The Technique got to opportunity to speak with Andrew Perry and Sara Dada, Tech’s recently-elected Mr. and Ms. GT, about their thoughts on the role and how it relates to their impact on Tech’s campus.
Technique: Can you give a background of yourselves?
Dada: So I’m from Marietta, Georgia. I never really thought about Tech much in high school, but I found myself on campus senior year and fell in love with it. Since coming to campus, I knew I wanted to be really involved in as many things as possible. I didn’t really know what those things would be. It took some time but I eventually found them in the Women’s
Leadership Conference and Omicron Delta Kappa. Those have probably been two of my biggest
involvements on campus. I’m really excited to hopefully graduate in May, and I’d like to work in global health.
Perry: I was born and raised in Peachtree City, Georgia. I was born and raised in a UGA household, I was told to go there, I was going to be the world’s best doctor, bilingual, all that. One campus tour here and I was sold, I knew I wanted to come here immediately. During my FASET summer, I really solidified my love for this campus. I really owe it to Georgia Tech for being able to find out what I’m strong in and passionate about. Extracurricular-wise, I’m a new member educator for my fraternity, as well as a FASET leader twice. This past year, I’ve been serving as the director of the Mental Health Student Coalition. That’s kind of been my baby, I love it. This is the second year it’s been around and we finally got chartered, which is wonderful. [Sara’s] trying to graduate soon, I’m trying to extend my graduation. I really, really want UGA at home to be my last football game.
Technique: A lot of what people associate with Mr. and Ms. GT comes from the halftime ceremony and nothing else. What other roles do you think they play on campus?
Dada: Well it’s really cool, we actually just got our first request for an appearance at the MLK Day celebration, we would serve as emcees at the event. My big was actually Ms. GT my freshman year, and she just really represented a love for the Institute. I think the role that she played, and the role that we will play, is continuing that spirit and continuing to be that force on campus through [our involvement]. If we can be a positive role model or positive influence on this campus, whether it is just talking to one person or implementing a policy change on campus, that would be a really valuable experience.
Perry: It’s not that different, we just love Georgia Tech. It’s funny, I thought I was going to get recognized as Mr. Georgia Tech and think “I’ve peaked, I’m done,” but now I want to do more. It’s really nice being like “Hey, you’re doing a great job, you can keep going. We don’t really have any new responsibilities outside what we are already doing. It’s just kind of being that role model or inspiration for other students to realize the opportunities they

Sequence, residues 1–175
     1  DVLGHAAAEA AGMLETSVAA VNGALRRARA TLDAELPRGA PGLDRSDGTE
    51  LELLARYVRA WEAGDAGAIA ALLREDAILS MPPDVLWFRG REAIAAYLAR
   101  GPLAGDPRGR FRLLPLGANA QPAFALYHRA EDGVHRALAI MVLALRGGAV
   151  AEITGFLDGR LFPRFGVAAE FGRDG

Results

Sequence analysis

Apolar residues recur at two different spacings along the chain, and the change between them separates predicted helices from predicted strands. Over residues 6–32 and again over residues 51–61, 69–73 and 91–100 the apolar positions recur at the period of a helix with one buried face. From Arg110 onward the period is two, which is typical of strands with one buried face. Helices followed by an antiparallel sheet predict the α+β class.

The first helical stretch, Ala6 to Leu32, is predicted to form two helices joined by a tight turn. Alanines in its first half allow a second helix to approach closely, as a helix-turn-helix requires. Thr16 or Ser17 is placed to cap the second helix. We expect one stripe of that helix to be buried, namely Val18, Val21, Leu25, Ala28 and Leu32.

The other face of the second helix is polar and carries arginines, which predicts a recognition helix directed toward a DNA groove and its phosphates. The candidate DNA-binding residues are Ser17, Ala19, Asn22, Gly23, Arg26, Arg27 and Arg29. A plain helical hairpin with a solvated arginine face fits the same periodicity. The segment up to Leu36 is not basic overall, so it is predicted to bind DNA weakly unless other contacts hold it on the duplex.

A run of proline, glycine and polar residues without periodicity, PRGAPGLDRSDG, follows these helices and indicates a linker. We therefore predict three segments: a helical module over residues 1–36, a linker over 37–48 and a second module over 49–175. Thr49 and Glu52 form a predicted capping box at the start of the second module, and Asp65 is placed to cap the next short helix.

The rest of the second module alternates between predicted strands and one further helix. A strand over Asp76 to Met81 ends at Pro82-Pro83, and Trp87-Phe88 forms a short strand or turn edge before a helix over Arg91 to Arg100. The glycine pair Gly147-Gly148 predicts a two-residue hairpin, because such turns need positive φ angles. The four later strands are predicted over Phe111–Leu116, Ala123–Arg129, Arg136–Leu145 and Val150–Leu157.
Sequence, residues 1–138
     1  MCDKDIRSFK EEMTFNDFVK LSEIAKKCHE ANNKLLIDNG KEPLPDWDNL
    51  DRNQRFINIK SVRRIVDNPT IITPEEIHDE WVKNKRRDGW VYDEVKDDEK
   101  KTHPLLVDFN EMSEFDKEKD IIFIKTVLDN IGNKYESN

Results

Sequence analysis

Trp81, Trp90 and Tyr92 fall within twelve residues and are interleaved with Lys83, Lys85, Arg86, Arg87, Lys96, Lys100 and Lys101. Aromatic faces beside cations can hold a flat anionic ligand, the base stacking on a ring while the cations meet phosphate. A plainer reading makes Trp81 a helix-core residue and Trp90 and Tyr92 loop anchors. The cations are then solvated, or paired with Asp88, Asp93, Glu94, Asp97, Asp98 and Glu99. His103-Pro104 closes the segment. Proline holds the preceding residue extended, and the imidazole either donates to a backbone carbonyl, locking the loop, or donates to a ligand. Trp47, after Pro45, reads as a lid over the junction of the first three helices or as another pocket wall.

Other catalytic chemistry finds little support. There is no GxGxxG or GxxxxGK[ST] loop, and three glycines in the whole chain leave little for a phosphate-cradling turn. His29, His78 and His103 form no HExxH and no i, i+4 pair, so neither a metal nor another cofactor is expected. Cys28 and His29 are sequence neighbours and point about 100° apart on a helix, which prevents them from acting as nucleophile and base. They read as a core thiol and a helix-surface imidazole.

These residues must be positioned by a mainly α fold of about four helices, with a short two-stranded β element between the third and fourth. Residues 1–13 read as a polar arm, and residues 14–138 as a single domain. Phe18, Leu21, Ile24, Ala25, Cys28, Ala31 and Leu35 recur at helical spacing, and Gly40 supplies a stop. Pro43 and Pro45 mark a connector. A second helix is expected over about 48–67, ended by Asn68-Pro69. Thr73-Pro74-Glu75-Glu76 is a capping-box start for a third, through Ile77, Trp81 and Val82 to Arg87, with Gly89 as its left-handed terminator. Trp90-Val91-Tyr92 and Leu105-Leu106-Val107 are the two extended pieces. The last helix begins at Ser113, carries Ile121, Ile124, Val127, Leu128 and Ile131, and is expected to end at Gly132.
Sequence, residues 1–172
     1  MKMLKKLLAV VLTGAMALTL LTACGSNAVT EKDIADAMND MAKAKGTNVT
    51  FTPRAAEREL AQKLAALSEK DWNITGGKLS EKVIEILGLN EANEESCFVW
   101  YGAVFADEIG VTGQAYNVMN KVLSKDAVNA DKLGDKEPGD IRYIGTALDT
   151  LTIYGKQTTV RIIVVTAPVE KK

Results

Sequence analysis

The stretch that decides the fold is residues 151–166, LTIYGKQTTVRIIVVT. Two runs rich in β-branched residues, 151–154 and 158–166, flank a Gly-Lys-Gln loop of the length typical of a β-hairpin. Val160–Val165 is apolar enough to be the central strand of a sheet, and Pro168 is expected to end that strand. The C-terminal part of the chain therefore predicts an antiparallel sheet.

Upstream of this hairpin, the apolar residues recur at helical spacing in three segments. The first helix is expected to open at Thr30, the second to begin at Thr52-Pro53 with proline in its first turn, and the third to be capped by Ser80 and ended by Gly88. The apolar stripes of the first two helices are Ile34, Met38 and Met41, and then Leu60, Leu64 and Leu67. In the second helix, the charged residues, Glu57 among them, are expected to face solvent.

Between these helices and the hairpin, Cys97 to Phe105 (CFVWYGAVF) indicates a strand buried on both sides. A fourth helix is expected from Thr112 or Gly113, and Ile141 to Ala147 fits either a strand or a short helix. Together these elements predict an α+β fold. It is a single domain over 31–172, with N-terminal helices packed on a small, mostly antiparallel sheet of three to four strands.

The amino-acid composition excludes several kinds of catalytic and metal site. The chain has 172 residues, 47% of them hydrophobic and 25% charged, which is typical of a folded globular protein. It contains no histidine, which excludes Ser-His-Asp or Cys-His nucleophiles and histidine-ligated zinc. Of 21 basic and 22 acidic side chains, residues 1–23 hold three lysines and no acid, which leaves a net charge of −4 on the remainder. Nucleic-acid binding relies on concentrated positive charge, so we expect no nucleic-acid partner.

get by coming to Tech and being able to foster that love for our community.
Technique: How do you think the two of you embody the Tech spirit?
Perry: In recent years I can’t think of any Indian Ms. GT, and I can’t think of any LGBT Mr. GT. So it’s awesome to be able to say “I’m a helluva engineer, I’m a Yellow Jacket,” without either of us being engineers or a majority in this population. It’s awesome being able to be a kind of trailblazer for minority representation.
Dada: We are able to represent different aspects of campus that aren’t always remembered or recognized. I think another big thing for both of us is something we started talking about a year ago, positive change on campus and the things we have done to work towards that: innovation, progress and service. One of the coolest things that’s happened this year since starting with SGA has been seeing how often people use the term “positive culture change.” I don’t know if we just weren’t aware of it before, but I feel like that wasn’t something we talked about a lot before last year. Being able to see our institute’s leadership, our student leadership, talking about positive culture change is really cool. We kind of sparked a thought there, and people are working to fix that.
Perry: Last year when we found out we didn’t win [the SGA election], the first thing we said was “no matter what happens, the stuff we want to do and the stuff on our platform is gonna happen, either through us or somebody else.” It’s awesome that a full year later, we are seeing that happen. I’ve gotten a ton of emails about student health and wellbeing, and that was one of my favorite parts of our platform that’s really kind of come to fruition.